Why can't we predict economic crises before they happen?

In fact, some people view the recent crisis as just another “black swan event,” one of those outliers, as popularized by Nassim Taleb, that come out of the blue. And it’s clear that a lot of smart people simply didn’t see the housing bubble, the instability of our financial sector or the shock that came in 2007 and 2008.

But the theory of outlier events doesn’t actually say that they cannot eventually be predicted. Many of them can be, if the right questions are asked and we use new and better data. Hurricanes, for example, were once black-swan events. Now we can forecast their likely formation and path pretty well, enough to significantly reduce the loss of life.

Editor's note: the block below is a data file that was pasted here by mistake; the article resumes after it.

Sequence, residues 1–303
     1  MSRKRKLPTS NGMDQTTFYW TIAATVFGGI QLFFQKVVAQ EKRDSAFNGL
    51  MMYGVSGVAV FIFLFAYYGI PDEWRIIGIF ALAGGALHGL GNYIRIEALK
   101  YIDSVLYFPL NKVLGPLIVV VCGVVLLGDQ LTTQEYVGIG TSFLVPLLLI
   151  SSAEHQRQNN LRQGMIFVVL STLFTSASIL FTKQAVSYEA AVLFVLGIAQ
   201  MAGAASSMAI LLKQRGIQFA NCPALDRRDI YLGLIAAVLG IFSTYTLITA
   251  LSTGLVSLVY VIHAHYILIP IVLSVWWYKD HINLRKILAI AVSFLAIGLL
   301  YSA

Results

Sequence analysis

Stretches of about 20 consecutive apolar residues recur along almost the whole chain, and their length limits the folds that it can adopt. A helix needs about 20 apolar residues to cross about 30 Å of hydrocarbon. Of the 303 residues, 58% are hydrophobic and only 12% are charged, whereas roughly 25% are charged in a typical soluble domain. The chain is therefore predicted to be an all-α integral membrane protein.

Such predictions are a crucial challenge in economics, too, and they are why data collection need not be a dull or a routine field. If done correctly, it can be very revealing. The Dodd-Frank Act of 2010 created a Financial Stability Oversight Council with a research arm, the Office of Financial Research, to help confront systemic risks. Perhaps these new organizations will improve our knowledge, mirroring the progress we have seen with hurricanes.

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